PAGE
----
Feeds

NEC adds VoIP to thin clients

Prefers VMware to Citrix for virtual PCs

The essential guide to IT transformation

Why provide thin clients only with remote access to applications, when you can give them a full VoIP-enabled Windows XP environment on which to run standard PC software? That's the question posed by NEC with its Virtual PC Centre, or VPCC, which combines thin clients with VMware and VoIP.

The company claimed that its converged €450 (£300, excluding screen and keyboard) thin clients provide the multimedia capabilities of a PC with the lower admin cost and greater security of server-based computing. It uses VMware's virtual desktop interface (VDI) to run up to 20 clients off one dual-processor server.

"We re-create a normal Windows desktop on the server, then transfer the screen. It creates an individual environment for each user – it's very different from the shared environment of Terminal Server," said NEC solutions marketeer Arnaud Gardin. Even the IP softphone runs on the server, he added.

The US100 desktop and TM160 mobile thin clients are based on NEC's own NetClient system-on-a-chip and allow you to plug in a phone headset directly. They connect to rack-mounted NEC SV5800 servers which run their XP sessions under VMware, and to an admin server which handles resource allocation plus application deployment and patching.

NEC also offers an IP telephony server to look after the VoIP side, and suggests using NAS or a SAN for back-end data storage.

The company said that the development of VPCC pulled in expertise from three NEC divisions – Components for the system-on-a-chip, plus graphics and audio decoders; Networks & Telecoms for VoIP; and its computing group for the servers and admin tools.

The US100 is the size of a fat paperback, silent and consumes just 13W of power. NEC said that its target customers include call centres, education and training, and healthcare.

Few other thin client manufacturers have anything like this, according to NEC. The company is not alone in putting VoIP into a thin client though - German outfit Igel has been doing it for some time, although it takes a different approach, instead embedding VoIP software into the desktop hardware alongside the Citrix client.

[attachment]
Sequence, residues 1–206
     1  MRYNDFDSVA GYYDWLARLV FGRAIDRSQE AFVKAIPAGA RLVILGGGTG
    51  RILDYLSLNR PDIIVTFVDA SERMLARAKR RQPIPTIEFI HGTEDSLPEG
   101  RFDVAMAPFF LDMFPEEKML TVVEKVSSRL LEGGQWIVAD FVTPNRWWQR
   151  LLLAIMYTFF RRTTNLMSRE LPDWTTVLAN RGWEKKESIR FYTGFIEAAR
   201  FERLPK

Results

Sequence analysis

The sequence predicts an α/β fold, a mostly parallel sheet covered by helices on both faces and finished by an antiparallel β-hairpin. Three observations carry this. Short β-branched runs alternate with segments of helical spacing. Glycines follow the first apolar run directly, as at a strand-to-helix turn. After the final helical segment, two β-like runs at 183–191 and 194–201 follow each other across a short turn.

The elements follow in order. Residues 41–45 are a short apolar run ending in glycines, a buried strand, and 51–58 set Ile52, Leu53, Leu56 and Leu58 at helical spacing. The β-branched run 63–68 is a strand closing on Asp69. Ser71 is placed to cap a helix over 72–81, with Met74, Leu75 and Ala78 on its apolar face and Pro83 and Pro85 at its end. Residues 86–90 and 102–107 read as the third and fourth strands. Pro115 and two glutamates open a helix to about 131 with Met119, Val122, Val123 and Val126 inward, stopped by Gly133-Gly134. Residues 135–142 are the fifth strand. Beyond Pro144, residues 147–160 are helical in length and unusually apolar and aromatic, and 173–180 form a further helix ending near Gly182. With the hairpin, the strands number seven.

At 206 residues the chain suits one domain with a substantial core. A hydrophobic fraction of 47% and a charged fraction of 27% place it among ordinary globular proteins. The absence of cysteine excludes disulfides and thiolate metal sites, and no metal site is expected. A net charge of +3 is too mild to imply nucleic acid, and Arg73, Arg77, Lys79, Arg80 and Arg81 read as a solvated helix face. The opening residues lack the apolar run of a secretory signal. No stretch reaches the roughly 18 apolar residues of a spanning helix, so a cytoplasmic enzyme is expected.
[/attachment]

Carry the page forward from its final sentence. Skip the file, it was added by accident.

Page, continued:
However, NEC's Gardin claimed that VPCC could be at least 30% cheaper than a similar Citrix-based set-up. "We don't need Citrix because it doesn't broadcast the applications," he said. ®

Boost IT visibility and business value

More from The Register

next story
Pay to play: The hidden cost of software defined everything
Enter credit card details if you want that system you bought to actually be useful
Shoot-em-up: Sony Online Entertainment hit by 'large scale DDoS attack'
Games disrupted as firm struggles to control network
HP busts out new ProLiant Gen9 servers
Think those are cool? Wait till you get a load of our racks
Silicon Valley jolted by magnitude 6.1 quake – its biggest in 25 years
Did the earth move for you at VMworld – oh, OK. It just did. A lot
VMware's high-wire balancing act: EVO might drag us ALL down
Get it right, EMC, or there'll be STORAGE CIVIL WAR. Mark my words
Forrester says it's time to give up on physical storage arrays
The physical/virtual storage tipping point may just have arrived
prev story

Whitepapers

Top 10 endpoint backup mistakes
Avoid the ten endpoint backup mistakes to ensure that your critical corporate data is protected and end user productivity is improved.
Implementing global e-invoicing with guaranteed legal certainty
Explaining the role local tax compliance plays in successful supply chain management and e-business and how leading global brands are addressing this.
Backing up distributed data
Eliminating the redundant use of bandwidth and storage capacity and application consolidation in the modern data center.
The essential guide to IT transformation
ServiceNow discusses three IT transformations that can help CIOs automate IT services to transform IT and the enterprise
Next gen security for virtualised datacentres
Legacy security solutions are inefficient due to the architectural differences between physical and virtual environments.